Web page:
“Even though I walk through the darkest valley…” In BUILD Module Six we see the shape of the Psalter as a whole as it leads down into darkness and up through renewal into the light of mature faith. How are those involved with BUILD responding to the current COVID-19 crisis in the light of that teaching?
The growing death toll for the pandemic reveals an uneven spread of infection. Wealthier countries appear to bear the brunt of the disease while lower income ones are spared. However, this masks the wide ranging secondary impacts on lower-income countries such as those within BUILD’s footprint of East Africa, including the effect on livelihoods, on local economies, on education, on the political landscape, and on the vast volume of remittances normally received from the East African diaspora. And particularly, it seems, on the urban poor who are several steps removed from rural subsistence economies and are acutely vulnerable to widespread economic turmoil.
How can our blog begin to engage with the scope and scale of the pandemic and its fallout? Rather than attempt the analysis that is being done elsewhere, we will simply see how trainees respond to the crisis as they experience it and in the light of BUILD teaching – as they connect their learning with lived realities, and inform us of both along the way.
Returning to the Book of Psalms, early on in Module Six we trace the stages of the Psalter and its five books through five words: covenant, kingship, crisis, renewal, and maturity. Book I is grounded in the covenant and relying on the Lord who leads his people; Book II highlights kingship and obedience to the King who rules his people; Book III turns to crisis and reflection on God’s covenant in our suffering; Book IV looks to renewal, not least of our lives of worship; and finally, Book V heads to maturity and our growing faith as God’s people. The crisis in the middle is that of the exile, which we label ‘the darkest valley’ as we reflect on suffering and injustice through select Book III psalms. And we teach that Psalm 23 itself follows that pattern: it moves from trust in the Shepherd and obedience to him; into that ‘darkest valley’; and on to renewal and the celebration and stability of covenant love, where we “dwell in the house of the Lord for ever.”
There were simply too many responses to this question: how does that learning speaks into your lives? Taking one person’s response by way of introduction, Joseph Adida, Christian Education Coordinator for the Anglican Church of Tanzania shared: “There is nothing people fear like death. People in Tanzania are devastated and disoriented as corona is hitting us. Among the people [around Lake Victoria], it is regarded as an evil spirit (Masamvwa in Sukuma), which is against the lives of people. Many Christians regard Covid-19 as the punishment from God because of sin: people are worshipping idols and power. Others see it as an effect of natural evil.”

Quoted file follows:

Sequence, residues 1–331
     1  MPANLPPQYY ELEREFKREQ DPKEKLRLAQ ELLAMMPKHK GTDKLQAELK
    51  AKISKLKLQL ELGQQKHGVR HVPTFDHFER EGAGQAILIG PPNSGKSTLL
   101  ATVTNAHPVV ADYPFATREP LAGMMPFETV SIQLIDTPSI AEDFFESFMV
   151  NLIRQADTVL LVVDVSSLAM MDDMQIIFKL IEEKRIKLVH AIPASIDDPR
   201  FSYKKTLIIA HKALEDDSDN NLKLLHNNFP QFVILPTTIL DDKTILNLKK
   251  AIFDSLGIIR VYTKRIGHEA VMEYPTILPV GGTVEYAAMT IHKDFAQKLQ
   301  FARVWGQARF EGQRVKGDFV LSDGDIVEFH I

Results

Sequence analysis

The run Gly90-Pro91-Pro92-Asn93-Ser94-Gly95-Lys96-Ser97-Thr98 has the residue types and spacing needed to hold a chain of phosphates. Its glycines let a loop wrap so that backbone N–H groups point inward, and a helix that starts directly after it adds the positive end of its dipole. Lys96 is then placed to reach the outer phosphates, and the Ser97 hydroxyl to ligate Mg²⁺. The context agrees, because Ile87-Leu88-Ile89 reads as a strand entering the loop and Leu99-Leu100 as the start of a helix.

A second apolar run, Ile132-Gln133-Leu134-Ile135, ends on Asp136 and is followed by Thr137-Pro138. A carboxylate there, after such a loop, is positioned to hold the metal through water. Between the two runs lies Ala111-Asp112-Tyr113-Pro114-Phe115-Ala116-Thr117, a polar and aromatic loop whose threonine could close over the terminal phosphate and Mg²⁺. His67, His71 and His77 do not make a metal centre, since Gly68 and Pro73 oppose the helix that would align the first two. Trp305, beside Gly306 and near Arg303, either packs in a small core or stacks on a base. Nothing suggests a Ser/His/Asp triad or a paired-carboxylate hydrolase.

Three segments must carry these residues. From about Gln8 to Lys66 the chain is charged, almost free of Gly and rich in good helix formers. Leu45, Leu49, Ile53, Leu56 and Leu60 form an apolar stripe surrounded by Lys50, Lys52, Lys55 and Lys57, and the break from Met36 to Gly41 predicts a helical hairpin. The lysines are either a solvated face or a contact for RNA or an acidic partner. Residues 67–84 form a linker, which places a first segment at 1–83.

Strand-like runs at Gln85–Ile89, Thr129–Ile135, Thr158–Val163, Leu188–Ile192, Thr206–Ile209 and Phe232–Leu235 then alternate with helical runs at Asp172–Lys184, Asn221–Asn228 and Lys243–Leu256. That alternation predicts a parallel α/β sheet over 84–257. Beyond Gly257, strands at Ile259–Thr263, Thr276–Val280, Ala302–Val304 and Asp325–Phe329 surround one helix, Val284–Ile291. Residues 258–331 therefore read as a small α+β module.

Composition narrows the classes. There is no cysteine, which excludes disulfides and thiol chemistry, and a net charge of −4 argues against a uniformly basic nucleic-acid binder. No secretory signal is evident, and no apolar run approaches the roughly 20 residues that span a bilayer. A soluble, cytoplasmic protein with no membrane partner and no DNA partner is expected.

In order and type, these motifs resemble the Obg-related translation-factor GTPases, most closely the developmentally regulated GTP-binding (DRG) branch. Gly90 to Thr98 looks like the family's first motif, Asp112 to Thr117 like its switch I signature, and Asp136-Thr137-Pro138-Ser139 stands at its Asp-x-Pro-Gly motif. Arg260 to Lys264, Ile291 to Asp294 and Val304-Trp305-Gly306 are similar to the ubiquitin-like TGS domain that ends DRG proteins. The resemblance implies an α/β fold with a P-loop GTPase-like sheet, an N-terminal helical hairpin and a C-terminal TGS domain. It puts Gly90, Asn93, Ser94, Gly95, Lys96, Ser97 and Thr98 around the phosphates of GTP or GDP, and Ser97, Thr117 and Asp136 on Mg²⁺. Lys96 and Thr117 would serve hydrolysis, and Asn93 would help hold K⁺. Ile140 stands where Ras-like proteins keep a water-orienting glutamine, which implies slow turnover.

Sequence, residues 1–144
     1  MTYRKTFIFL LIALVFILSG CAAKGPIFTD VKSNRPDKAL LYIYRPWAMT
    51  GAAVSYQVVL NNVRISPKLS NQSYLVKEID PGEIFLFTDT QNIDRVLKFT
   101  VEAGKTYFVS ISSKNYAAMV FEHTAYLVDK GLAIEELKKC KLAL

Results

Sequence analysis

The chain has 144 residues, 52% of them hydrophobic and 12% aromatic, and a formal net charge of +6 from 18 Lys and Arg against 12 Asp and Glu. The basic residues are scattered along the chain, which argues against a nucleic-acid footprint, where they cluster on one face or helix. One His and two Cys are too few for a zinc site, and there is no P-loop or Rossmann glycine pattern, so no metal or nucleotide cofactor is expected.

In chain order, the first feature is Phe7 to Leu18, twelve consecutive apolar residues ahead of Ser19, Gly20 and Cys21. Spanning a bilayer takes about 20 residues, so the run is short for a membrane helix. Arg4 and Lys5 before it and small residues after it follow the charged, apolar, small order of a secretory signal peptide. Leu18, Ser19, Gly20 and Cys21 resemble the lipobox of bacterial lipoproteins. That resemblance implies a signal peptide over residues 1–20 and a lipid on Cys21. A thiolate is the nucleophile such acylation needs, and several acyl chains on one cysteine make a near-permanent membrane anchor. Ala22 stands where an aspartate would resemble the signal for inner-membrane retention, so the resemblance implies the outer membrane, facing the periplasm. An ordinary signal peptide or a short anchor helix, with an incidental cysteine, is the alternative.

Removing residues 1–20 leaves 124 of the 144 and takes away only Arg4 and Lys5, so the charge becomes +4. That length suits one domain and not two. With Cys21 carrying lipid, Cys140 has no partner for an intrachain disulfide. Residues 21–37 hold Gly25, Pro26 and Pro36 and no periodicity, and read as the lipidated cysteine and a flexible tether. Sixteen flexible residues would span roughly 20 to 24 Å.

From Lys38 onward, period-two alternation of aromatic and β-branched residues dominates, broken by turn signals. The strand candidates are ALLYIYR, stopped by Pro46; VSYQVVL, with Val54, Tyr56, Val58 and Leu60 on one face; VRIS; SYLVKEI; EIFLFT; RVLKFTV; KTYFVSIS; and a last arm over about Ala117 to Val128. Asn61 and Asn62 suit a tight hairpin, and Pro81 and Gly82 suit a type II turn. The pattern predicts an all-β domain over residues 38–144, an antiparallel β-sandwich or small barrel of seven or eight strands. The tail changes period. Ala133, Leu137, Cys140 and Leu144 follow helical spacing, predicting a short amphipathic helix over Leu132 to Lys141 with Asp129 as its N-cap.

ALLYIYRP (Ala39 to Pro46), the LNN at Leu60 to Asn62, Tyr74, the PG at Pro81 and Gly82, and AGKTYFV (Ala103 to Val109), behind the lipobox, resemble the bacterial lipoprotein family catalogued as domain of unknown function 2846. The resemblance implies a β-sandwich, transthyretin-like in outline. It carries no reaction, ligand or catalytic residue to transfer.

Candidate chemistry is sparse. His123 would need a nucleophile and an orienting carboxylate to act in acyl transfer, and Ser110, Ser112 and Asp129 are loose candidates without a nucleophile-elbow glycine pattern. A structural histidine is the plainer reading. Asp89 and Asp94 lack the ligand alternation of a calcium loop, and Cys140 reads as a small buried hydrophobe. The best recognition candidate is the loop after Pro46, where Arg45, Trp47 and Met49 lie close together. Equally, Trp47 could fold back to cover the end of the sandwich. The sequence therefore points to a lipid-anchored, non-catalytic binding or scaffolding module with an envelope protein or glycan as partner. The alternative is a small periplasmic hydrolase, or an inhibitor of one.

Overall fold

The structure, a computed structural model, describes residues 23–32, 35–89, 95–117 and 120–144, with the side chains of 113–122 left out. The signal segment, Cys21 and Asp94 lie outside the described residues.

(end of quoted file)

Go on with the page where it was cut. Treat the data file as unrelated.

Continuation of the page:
But the Psalm assures us that, “He is the God who cares and protect his people against evil and death. Fear not. Psalm 23 is a very well-known psalm to most believers. People sing it when they are facing troubles that are beyond their control and beyond their understanding of power, politics, reason and thought. When President Magufuli of Tanzania first spoke about COVID-19 he was courageous about God’s power which is in control. He supported his talk by using Psalm 23 to encourage people to have faith in God alone who can control and finish COVID-19.”
“Psalm 23 shows how God cares and protect his people against evil. It is in this regard that people in Tanzania see it as the Psalm that speaks to the current situation of COVID-19. The people read it in connection with Psalm 121 and Colossians 1:15-20: through the Cross of Christ on Calvary God has conquered and controls all through his Son Jesus Christ, the image bearer of God who has become the agent of God’s grace. Therefore we should not fear, he alone can provide abundantly and protect his people by his power.”
As we continue to walk through “the darkest valley” with different people we will see what it means for them in practice to “fear no evil” in their various contexts.